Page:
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“God and Money”: A Review of a Groundbreaking Book in Christian Stewardship

There have been countless books written about Christian stewardship of financial resources. Though most offer valuable insights, they often struggle at finding the right words to make lasting change in their readers’ financial lives.

Enter a new book, so transparent and direct that you’ll feel like you’re invading the authors’ privacy. In God and Money: How We Discovered True Riches at Harvard Business School, authors Gregory Baumer and John Cortines bring convicting truth and real-life examples as they teach the principles of financial stewardship and generosity that guide their families’ financial decisions.

Though this book serves as a guide to all, God and Money speaks particularly to people who, like the authors, expect to attain considerable wealth over their lifetime.  In this thoughtful reflection on their own journey, Baumer and Cortines, MBA graduates of Harvard Business School with promising careers ahead, don’t waste any time jumping into this often awkward topic with remarkable clarity, powerfully reminding readers that “to whom much has been given, much will be required” (Luke 12:48). God and Money begins by examining the scriptural teachings on wealth and giving. In a whirlwind tour of the major references to money in the Bible, Baumer and Cortines set the foundation for what they call the “Seven Core Principles for Wealth and Giving.” These principles are simple, but convicting—always stressing that our wealth is not really ours, but that it belongs to God.

Chapters three and four look more deeply at the benefits of generosity, including positive health effects, and the trends of generosity over time. Included in this section is a number of graphs that dive into giving trends across a variety of metrics. Though initial statistics on generosity can be rather depressing, the authors do find some encouraging news: “As you zero-in and select for devotion and the presence of disposable income, the level of giving dramatically increases.”

And yet, we have a long way to go. Baumer and Cortines note that American Christians have an annual income of over $5 trillion. If we donated 0.2 percent of our income in one year, they argue, we could:

  • Sponsor 1 million indigenous full-time missionaries in poor nations around the world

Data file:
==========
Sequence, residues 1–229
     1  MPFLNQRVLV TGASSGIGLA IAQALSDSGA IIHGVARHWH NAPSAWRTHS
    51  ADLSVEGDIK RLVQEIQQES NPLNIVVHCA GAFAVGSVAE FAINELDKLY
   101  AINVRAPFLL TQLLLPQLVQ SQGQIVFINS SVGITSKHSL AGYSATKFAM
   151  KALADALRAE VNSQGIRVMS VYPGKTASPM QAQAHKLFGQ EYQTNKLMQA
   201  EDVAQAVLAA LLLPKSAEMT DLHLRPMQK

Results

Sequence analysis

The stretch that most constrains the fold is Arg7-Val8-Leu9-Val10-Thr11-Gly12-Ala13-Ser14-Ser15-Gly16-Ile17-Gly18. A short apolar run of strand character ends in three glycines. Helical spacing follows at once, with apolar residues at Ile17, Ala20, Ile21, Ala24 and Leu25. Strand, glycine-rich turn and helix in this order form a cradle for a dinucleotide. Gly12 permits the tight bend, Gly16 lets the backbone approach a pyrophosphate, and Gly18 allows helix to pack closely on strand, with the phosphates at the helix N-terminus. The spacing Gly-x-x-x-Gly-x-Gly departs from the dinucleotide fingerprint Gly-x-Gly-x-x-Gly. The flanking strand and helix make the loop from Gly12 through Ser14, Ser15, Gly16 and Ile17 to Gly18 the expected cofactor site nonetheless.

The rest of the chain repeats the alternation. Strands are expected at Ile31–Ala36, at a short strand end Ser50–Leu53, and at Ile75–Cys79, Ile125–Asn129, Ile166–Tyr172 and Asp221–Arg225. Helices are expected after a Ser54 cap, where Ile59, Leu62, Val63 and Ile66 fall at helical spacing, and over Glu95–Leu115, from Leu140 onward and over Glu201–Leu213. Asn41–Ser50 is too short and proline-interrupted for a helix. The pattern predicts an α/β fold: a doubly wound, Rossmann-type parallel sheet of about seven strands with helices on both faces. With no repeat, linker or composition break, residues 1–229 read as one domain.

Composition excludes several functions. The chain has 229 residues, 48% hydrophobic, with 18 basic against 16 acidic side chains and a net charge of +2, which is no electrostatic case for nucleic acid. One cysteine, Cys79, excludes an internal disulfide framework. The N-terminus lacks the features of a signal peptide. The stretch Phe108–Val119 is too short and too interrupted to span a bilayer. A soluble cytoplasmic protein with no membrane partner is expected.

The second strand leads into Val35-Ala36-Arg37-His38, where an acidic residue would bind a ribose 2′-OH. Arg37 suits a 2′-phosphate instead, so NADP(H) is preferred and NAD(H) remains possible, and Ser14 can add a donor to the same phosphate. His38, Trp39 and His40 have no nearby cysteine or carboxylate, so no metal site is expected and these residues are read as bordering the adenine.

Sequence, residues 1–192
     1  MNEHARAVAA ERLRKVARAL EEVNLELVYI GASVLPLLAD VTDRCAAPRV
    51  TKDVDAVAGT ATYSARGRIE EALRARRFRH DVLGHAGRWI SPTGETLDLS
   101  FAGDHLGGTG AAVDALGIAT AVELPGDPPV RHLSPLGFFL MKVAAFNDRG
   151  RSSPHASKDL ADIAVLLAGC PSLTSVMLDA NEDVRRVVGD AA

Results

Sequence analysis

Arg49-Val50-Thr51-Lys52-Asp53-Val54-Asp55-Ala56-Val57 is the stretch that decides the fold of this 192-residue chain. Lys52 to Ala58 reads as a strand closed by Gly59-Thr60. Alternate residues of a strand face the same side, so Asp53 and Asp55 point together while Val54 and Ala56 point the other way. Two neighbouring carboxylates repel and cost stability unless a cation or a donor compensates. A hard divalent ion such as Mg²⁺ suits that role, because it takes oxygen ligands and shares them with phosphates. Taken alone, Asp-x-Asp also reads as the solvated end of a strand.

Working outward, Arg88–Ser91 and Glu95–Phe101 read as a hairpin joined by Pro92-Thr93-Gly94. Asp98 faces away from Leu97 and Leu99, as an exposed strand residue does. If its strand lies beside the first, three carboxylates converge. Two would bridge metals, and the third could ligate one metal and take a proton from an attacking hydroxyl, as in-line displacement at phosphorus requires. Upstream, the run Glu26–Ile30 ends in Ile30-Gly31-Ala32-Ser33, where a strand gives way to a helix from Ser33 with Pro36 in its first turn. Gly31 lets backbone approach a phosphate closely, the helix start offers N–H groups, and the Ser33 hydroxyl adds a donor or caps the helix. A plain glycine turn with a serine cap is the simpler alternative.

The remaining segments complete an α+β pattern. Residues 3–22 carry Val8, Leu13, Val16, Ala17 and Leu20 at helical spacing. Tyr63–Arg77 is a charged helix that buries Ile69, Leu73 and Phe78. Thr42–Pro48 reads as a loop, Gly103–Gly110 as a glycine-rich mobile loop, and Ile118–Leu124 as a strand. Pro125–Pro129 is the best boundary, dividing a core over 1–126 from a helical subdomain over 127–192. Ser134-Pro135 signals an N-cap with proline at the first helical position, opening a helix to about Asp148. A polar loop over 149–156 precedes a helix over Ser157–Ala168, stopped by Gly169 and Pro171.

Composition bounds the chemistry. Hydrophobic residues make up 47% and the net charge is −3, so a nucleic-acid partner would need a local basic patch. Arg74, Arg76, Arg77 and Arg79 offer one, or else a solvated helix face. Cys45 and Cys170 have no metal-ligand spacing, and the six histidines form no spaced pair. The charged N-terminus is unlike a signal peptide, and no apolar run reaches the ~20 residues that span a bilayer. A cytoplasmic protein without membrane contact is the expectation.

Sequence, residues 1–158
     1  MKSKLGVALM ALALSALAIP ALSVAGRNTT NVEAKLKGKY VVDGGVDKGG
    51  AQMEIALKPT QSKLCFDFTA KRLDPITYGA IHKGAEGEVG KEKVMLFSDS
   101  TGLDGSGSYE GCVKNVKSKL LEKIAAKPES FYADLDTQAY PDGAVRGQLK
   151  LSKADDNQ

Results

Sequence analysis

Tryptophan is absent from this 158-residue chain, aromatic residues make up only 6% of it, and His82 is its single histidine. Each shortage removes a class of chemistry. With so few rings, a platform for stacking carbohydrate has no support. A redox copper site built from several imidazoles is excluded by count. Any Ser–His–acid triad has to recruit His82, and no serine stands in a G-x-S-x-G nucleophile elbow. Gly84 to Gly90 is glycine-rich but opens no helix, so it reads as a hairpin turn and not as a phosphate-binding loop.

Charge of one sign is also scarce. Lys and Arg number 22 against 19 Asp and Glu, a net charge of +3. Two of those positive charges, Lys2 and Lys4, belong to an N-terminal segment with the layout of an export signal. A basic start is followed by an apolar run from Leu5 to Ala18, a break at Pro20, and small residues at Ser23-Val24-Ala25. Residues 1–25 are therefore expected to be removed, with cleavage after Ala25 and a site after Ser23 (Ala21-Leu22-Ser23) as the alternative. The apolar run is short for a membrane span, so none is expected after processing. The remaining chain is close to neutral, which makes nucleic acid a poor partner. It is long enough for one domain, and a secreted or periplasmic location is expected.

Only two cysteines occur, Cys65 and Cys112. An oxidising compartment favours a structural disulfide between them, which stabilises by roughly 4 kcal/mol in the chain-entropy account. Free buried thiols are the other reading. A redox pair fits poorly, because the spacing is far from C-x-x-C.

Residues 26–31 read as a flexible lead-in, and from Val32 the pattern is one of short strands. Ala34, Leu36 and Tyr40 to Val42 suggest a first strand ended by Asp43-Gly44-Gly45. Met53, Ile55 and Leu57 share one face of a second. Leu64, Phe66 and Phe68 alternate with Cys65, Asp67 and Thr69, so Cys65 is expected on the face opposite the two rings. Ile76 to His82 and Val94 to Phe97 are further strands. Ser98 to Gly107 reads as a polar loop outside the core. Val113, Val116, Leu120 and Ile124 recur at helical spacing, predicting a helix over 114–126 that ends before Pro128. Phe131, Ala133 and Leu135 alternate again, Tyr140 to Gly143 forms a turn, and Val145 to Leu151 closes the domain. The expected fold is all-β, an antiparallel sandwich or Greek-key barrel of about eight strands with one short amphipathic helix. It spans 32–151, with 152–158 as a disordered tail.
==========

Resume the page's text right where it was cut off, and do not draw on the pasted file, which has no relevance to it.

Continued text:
• Quadruple the global missions budget for reaching un-evangelized nations
  • Triple the global Bible translation budget
  • Fund 150,000 seminary scholarships for promising students in emerging economies
  • Establish 8 new Christian universities around the world
  • Hire 25,000 additional American missionaries to work on our college campuses

Wow. That’s why this conversation is important. In the second half of the book, God and Money focuses on a topic that other books about Christian stewardship mostly ignore—how to actually live out the Christian principles for wealth and giving. Real families and real dollar amounts make these stories much more compelling than hypothetical models or philosophical conjectures.

By looking at different families around the country as models and drawing on their own experiences, Baumer and Cortines put together actual dollar amounts that a family should target to achieve “the basics”—freedom from consumer debt, a stable emergency fund, home ownership, retirement savings, and college for children. Along the way, they advocate specific ways to be more generous, including personal examples of giving up a chance to buy an expensive car or setting a “lifestyle limit” on spending.

Baumer and Cortines give guidance on how to develop a “Personal Wealth Finish Line,” “Generosity Covenant,” and other frameworks to make sure that all of your spending (or saving) is truly serving God and furthering your ability to achieve “the basics” rather than the worldly goals of a lavish lifestyle or early financial independence. Many of the resources can be accessed on their website.

God and Money also profiles several people who are breaking down the walls of silence that normally exist between Christians when it comes to money. One family publishes an annual financial report so their friends can see where they are spending their money. Another meets with a community giving group of friends that hold each other accountable and increase each other’s’ giving impact.

In God and Money, Baumer and Cortines have succeeded in providing real-life guidance on a topic that is fundamentally important to every believer. “Our vision is that the radical levels of generosity exhibited by the individuals in this book become commonplace—that more and more Christians, regardless of income level, choose to live their lives with a mindset of joyful abundance, all the while offering gratitude to God for His provision and serving Him generously with their wealth,” they write.

If you’re interested in becoming a “servant” rather than a “spender” or a “saver,” reading this book is one of the best things you can do.